Fibromyalgia: Practical Approaches To Diagnosis and Treatment
Fibromyalgia (FM) syndrome is a common clinical disorder that is characterized by chronic widespread pain. Although pain is the most prominent symptom, there are many other manifestations that mix and match as they contribute importantly to the morbidity of FM.
Gone are the days when FM was considered a psychological disorder. Growing objective evidence shows that FM is a disorder of the central nervous system. Much is known about its clinical presentation, diagnosis, pathogenesis, epidemiology, natural history, and treatment. Thus far, the FDA has approved three mechanism-based medications to treat FM.
The challenge for the future is to identify symptomatic patients earlier in their clinical course in hopes of reducing the potential for development of long-term disability.
The goal of this two-part series is to provide a practical, quick, and easy summary of FM. This installment focuses on the epidemiology of FM and discusses new diagnostic criteria endorsed by the American College of Rheumatology (ACR). In Part 2, we review treatment strategies for managing patients with this disease.
Epidemiology of Fibromyalgia
It has been estimated that FM affects approximately 2% of the general population, or about 5 million Americans.1 The disorder is found in all ethnic groups and is not limited to developed or industrialized countries. Adult women are up to seven times more likely than adult men to have FM, and the prevalence of the disorder increases with age, most dramatically in women with a peak in the fifth to seventh decade (7.4%-10%).1 The risk for having or developing FM in a family with one affected member is about 8.5-fold greater than in a family without any affected members.2 Although seen most commonly in middle-aged women, FM also is seen in children and teenagers.3-5 (For a review of juvenile FM, please see related article on page 81.)
Researchers have identified a number of risk factors for the development of FM, including the following:
- Familial/genetic predisposition3,6
- Physical trauma.7 (People with whiplash are more likely to develop systematic FM than industrial accidents limited to lower extremity fracture; 22% vs. 2% for all subjects, >30% for female accident victims.)8 Narrowed cervical canal may be an important risk factor for the development of chronic pain and cord pathology following a whiplash injury.9,10
- Major febrile illness
Classification of Soft Tissue Pain Syndromes
Fibromyalgia is just one of more than 200 musculoskeletal conditions that can cause body pain and interfere with mechanical function. It is logical to divide these into two nearly equal categories of those that actively involve the joints (eg, arthritis) and those that do not.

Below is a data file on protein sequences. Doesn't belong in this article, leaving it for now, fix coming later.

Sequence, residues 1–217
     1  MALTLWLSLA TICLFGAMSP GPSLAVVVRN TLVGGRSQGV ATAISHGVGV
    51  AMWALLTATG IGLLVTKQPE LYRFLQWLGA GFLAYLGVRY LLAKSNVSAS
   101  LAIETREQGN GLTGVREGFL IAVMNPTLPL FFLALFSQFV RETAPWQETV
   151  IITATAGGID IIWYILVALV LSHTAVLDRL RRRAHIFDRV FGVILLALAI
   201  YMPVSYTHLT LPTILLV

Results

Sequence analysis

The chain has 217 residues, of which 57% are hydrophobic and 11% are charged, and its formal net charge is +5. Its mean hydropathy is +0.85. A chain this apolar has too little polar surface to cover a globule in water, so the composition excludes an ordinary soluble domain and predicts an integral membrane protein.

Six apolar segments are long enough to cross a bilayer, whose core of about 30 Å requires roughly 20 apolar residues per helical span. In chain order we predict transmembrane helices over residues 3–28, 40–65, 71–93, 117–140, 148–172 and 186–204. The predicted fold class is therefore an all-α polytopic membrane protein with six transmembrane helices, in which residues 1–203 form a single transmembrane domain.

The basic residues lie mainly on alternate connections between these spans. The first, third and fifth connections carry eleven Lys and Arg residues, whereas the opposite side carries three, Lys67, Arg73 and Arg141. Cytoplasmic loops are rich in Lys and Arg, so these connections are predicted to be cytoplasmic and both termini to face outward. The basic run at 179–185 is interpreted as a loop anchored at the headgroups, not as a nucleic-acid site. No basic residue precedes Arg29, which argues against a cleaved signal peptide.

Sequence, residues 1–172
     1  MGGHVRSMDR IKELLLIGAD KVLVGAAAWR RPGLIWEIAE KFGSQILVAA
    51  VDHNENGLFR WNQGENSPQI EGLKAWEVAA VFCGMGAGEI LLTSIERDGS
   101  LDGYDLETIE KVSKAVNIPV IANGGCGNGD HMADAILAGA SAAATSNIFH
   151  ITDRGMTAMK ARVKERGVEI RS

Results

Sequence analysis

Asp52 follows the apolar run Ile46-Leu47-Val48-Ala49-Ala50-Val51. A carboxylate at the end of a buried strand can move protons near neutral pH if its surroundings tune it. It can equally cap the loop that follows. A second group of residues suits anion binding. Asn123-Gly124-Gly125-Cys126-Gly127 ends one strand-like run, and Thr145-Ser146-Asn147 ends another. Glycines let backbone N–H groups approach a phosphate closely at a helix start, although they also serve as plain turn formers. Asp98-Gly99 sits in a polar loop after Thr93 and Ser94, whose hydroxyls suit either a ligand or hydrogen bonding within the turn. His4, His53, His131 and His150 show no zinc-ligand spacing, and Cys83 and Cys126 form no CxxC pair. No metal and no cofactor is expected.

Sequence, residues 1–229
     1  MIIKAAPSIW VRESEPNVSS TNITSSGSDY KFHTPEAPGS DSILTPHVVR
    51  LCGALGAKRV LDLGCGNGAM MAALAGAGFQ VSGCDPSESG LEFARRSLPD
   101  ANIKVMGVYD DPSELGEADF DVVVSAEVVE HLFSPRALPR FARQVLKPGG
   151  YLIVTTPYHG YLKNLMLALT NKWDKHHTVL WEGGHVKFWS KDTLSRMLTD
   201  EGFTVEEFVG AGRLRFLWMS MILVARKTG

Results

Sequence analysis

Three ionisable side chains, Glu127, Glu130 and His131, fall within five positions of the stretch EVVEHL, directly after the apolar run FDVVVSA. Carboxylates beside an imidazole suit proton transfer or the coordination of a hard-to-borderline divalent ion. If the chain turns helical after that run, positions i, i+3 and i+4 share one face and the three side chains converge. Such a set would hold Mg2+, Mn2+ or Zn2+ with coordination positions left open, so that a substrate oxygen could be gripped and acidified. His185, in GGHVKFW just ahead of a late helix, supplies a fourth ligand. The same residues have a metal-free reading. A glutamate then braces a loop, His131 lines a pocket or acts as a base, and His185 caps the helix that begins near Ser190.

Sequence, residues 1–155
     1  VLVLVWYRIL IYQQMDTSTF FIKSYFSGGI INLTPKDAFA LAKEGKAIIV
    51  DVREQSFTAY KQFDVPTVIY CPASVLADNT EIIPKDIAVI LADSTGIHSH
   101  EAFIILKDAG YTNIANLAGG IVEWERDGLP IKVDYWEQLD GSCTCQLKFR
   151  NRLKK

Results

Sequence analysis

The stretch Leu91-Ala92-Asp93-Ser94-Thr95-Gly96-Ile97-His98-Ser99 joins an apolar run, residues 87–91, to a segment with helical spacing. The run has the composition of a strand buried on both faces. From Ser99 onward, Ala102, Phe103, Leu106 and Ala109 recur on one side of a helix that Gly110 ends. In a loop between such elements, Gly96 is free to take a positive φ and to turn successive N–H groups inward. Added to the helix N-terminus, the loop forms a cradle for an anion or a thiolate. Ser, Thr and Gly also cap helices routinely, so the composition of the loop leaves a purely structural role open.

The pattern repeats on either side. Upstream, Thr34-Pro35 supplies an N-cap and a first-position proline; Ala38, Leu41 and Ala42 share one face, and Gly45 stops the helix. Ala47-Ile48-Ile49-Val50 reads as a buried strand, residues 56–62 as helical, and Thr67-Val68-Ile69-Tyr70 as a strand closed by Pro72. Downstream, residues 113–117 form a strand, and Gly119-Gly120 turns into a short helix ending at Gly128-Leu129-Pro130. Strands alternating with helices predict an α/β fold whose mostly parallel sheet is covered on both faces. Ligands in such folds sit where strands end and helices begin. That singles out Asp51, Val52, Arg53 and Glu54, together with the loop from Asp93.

There has been much confusion in terminology surrounding the arthritis group where joint involvement is not the focus. Some of the confusion results from misunderstanding about the myofascial pain syndrome (MPS). Clinicians who have heard of MPS but are not skilled in its diagnosis often use the term myofascial pain generically. A better umbrella term is soft tissue pain (STP).11 It can be used in clinical charts as both a historical and an examination category.
Table 1 provides a useful classification of STP with three main subheadings:
1. Local conditions: Most are believed to result from repetitive mechanical injury to inadequately conditioned tissues. They are named anatomically and can be disclosed by a typical history of localized pain plus exquisite tenderness of the affected structure elicited by firm digital palpation. Examples include biceps tendinitis and trochanteric bursitis.
2. Regional syndromes are limited in anatomic scope to a region or quadrant of the body, as seen with MPS and complex regional pain syndrome (CRPS).
3. The generalized category implies a systemic process like that of FM, which affects the musculoskeletal system in a more global manner. There is no clear evidence to suggest that a localized STP condition can evolve into a regional STP condition or that any of the regional STP disorders can morph into a generalized category condition. Examples include FM and chronic fatigue syndrome when it is painful, hypermobility syndrome.
Making the Diagnosis
The 1990 ACR Criteria
Early in the course of FM studies, the condition was called fibrositis and each investigator had developed diagnostic criteria that seemed to apply. That situation changed when a collaborative research study led to the 1990 ACR Research Classification Criteria (ACR RCC) for fibromyalgia.12 It is emphasized that these criteria were intended to identify subjects for research study but not for medical care.
Two components were required: one from the patient’s medical history (chronic widespread pain for at least 3 months) and one from the physical examination (11 of 18 painfully tender soft tissue sites) (Table 2).
2010 ACR Diagnostic Criteria
Both components of the 1990 ACR RCC were based on the domain of pain in FM but they completely ignored the comorbid domains, that are so troublesome to many patients with FM (Table 3).
There clearly was a need for validated clinical criteria that would also focus on FM comorbid manifestations such as sleep dysfunction, headache, cognitive dysfunction, affective manifestations, fatigue, chest pain, irritable bowel syndrome, and bladder irritability. On the basis of that need, a new approach to clinical diagnosis of FM was developed.12,13
As with the 1990 ACR RCC, the new criteria, called the 2010 ACR Fibromyalgia Diagnostic Criteria (2010 ACR FDC), were established from the results of a clinical study. The 2010 ACR FDC viewed the 1990 ACR RCC as the gold standard but did not require tender-point examination. Critically, the 2010 ACR FDC was validated for the setting of clinical medical care.
As with the 1990 ACR RCC, the 2010 ACR FDC has two components: the Widespread Pain Index (WPI) and the Symptom Severity Scale (SSS).